Why 2014 could be the year mobile payments explode on the iPhone

Joel Mathis

"Some would say the consumer is going to have one wallet (app)," Crone says. "The fact of the matter is there isn't one card or credit card today," pointing to the credit, debit, and loyalty cards that can often fill a consumer's pocket. "There will be all three types of ways of making payments" on the iPhone as well.

So far, eateries seem to have led the way in pioneering the field. In addition to Starbucks and Chop't, outfits like Saxby's, a Philadelphia-based coffee chain, and Taylor Gourmet, a D.C.-based hoagie joint, have also jumped in and seen results.

"Coffee is a very habitual product for consumers to consume," says LevelUp's Kiernan, which created apps for Chop't, Saxby's, and Taylor. "We picked this market as a starting place, because it's the place where tying habit to loyalty is easiest to kick off.

Saxby's launched its app in December. "We've had unbelievable success," says Richard Rollier, the company's director of technology. "I think we expected to, but it's nice to see adoption rates. At some of these locations, we've sustained more than 20 percent" of transactions through the app already.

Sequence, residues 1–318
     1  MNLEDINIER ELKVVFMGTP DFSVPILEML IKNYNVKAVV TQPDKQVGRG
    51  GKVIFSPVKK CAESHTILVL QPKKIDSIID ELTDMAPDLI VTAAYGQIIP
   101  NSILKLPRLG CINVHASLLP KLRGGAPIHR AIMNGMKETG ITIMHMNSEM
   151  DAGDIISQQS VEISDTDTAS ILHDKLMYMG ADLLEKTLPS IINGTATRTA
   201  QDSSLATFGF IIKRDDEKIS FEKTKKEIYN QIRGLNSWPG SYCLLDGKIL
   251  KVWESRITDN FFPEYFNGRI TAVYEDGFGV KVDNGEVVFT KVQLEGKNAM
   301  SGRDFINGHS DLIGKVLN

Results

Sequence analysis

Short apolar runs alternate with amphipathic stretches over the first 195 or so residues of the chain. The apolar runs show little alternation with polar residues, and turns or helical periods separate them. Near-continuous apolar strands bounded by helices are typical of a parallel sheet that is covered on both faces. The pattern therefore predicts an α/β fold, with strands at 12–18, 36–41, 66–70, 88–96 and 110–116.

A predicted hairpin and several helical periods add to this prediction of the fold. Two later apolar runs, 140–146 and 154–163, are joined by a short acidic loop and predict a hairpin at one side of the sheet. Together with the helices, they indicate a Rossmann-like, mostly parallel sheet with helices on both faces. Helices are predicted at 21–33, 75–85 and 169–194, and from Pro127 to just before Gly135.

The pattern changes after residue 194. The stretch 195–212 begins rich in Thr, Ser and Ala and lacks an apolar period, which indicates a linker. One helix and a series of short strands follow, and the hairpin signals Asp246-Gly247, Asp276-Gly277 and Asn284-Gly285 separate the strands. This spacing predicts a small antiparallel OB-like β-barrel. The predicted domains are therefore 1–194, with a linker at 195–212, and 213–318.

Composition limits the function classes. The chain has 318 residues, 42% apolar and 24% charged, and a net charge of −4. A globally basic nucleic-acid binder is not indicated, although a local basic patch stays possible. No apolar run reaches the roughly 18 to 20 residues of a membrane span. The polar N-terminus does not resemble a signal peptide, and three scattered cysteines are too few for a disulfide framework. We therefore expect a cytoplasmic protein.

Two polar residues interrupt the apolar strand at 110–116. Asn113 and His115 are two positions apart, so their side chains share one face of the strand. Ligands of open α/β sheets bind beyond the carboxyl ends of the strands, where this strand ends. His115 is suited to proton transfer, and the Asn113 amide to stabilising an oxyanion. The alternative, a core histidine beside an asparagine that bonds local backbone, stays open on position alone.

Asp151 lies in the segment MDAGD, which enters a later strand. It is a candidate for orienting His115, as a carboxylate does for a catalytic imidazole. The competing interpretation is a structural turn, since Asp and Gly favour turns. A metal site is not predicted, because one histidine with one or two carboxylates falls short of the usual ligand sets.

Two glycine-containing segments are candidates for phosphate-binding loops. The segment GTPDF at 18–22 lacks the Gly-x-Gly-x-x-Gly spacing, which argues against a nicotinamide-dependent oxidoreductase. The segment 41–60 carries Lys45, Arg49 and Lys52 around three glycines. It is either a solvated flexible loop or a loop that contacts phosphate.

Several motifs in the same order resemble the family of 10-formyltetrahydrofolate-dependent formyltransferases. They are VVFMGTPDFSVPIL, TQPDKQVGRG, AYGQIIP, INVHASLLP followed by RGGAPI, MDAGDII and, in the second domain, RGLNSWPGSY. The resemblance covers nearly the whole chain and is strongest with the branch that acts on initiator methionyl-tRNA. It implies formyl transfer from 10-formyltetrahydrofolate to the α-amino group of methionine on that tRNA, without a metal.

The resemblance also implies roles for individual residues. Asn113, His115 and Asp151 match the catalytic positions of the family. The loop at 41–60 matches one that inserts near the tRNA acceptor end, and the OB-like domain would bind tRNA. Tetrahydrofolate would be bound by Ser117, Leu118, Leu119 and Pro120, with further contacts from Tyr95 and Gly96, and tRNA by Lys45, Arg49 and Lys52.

Taylor Gourmet's David Hahn says the loyalty program was being utilized three- to four-times more often as his chain's old loyalty card. That means regular customers are marching in the door even more often, to redeem rewards. "It definitely engages people more," he says of the app. It puts (your business) on the forefront of (customers') thought process."

But mobile payment apps won't stay confined to the food sector. Dozens of merchants—including Walmart, Target, Lowe's, Old Navy, and more—have banded together to form the Merchant Customer Exchange, which should be unveiling its own mobile payment app later this year. "Right now the team is heads down working on the product," says Linda Walsh, "and not ready to share details just yet."

Where's Apple?
Some Apple observers have worried the iPhone will be left behind in this sector because it lacks near-field communication (NFC) technology, which Android phones and Google Wallet exploit to enable making payments simply by swiping your phone near a merchant's scanner. Apple-based apps scan QR codes, instead.

But experts say Apple's share of the mobile market is big enough that the financial-services sector is happy to accommodate the company. LevelUp, for example, doesn't use NFC technology with its apps—though programming is built in to switch that service on, if Apple's approach ever changes, without major revisions of code.

"It hasn't been an issue at all," LevelUp's Kiernan says. Anecdotally, merchants surveyed by Macworld each say that iPhone users comprise more than half their mobile payment customers.

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